Rogue One tells the back story that occurred immediately before the original Star Wars movie, about how the rebels acquired the plans to the Death Star. It’s a kind of conscious effort to knit together the original movie with the end of the three prequels, so we see older characters from the prequels, as well as characters from the original Star Wars film. (Keep an eye out for a quick glimpse of R2D2 and C3PO, as well as the guys who are primed for a fight in the cantina at Mos Eisley.)
Rogue One not a great movie, in my view, but it’s definitely worth seeing if you’re a Star Wars buff. The film is choppy, as if the goal was to show us as many different planets, moons, and other locations in the galaxy as possible, and the plot is, at times, a confusing jumble. It’s got some memorable characters — I particularly liked the hulking, sarcastic robot turned gunslinger who is a key part of the rebel group, and the blind devotee to the teachings of the Force — but the overall tone is very dark. We are seeing the cruel, barbaric Empire in full flower in this film. And we also get a peek at Darth Vader at the height of his powers, before he becomes conflicted by his interaction with Luke Skywalker — the adherent of the Dark Side who can brutally cut through a dozen rebel fighters with a few gestures and slashes of his light saber.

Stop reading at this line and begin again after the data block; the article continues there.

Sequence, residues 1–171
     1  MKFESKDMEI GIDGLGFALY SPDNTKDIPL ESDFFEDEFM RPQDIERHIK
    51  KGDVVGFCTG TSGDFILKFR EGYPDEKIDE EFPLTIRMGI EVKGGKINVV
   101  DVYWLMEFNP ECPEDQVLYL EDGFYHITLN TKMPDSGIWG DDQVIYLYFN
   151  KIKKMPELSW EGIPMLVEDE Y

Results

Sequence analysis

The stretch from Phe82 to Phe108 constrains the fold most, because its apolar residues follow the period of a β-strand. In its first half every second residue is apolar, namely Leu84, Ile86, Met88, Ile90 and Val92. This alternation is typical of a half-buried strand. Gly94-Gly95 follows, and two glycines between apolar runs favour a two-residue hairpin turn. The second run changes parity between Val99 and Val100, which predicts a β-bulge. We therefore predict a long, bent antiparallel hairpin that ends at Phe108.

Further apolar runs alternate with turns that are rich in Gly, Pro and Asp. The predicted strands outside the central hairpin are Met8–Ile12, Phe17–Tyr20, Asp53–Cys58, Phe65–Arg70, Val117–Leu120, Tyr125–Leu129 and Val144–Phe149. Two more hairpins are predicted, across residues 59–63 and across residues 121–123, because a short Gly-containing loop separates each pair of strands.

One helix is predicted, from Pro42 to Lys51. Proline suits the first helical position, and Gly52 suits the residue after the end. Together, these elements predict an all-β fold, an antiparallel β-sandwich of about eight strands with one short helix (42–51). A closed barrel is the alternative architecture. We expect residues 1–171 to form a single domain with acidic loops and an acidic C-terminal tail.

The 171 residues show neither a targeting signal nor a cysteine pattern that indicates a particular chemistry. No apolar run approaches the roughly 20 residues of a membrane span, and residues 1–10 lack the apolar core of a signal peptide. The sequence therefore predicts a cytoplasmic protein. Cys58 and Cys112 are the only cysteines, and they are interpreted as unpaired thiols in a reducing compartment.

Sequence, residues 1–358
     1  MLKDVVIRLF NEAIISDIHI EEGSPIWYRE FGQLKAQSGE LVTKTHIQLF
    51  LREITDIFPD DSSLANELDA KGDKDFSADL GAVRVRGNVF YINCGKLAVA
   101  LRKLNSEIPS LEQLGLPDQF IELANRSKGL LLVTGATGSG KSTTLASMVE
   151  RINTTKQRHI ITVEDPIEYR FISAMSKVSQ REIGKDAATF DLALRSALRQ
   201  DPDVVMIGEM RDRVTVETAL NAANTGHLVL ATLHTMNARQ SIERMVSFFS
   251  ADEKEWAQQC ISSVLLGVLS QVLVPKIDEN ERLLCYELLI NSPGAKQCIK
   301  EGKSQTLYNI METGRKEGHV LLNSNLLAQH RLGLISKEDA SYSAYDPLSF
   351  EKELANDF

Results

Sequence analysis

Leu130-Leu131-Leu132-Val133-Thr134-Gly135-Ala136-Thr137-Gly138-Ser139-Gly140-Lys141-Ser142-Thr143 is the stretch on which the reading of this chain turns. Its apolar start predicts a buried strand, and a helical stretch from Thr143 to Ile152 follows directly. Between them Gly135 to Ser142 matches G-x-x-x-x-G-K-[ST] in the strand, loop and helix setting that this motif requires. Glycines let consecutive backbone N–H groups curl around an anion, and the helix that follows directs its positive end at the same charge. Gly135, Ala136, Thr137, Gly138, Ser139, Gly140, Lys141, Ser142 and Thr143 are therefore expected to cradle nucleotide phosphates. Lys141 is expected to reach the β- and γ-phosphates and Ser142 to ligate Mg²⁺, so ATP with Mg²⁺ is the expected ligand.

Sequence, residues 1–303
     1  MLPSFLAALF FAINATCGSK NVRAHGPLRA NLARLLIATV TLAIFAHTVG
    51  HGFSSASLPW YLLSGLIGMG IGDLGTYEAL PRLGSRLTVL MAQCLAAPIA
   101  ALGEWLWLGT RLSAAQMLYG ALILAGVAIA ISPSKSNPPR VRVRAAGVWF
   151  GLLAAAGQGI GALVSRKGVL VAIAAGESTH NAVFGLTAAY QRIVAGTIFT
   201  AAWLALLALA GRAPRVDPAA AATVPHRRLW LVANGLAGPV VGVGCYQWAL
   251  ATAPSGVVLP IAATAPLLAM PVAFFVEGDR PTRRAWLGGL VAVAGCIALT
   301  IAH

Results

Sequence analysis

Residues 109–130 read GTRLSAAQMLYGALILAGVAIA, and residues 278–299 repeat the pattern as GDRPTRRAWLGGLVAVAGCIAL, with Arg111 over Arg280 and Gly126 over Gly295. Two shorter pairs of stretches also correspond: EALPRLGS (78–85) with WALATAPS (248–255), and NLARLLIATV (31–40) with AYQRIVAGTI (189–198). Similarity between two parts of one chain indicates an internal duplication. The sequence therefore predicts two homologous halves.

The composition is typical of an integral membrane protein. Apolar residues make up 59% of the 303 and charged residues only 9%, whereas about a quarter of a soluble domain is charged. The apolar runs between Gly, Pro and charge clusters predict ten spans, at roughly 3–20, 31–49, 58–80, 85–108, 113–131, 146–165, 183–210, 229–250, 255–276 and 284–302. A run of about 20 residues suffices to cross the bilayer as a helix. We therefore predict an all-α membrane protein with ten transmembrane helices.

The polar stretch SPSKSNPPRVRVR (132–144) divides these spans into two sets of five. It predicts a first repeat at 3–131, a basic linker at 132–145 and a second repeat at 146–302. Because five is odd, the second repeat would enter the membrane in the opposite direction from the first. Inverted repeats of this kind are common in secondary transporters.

The movie uses some kind of computer program to recreate characters from the original film — like the evil Governor Tarkin, and Princess Leia in her white Star Wars outfit. The technology is vastly improved, but you still feel like you are looking at a computer animation, rather than a real person. It’s kind of fascinating and creepy at the same time.
One other comment: if you’re going, don’t waste your time with the 3D version, which is what I saw. I didn’t see any reason why there is a 3D version. There’s nothing hurled at the screen, and no overly dramatic vistas. Unless you like sitting in a theatre wearing a cheap pair of glasses, I’d head to a regular screening.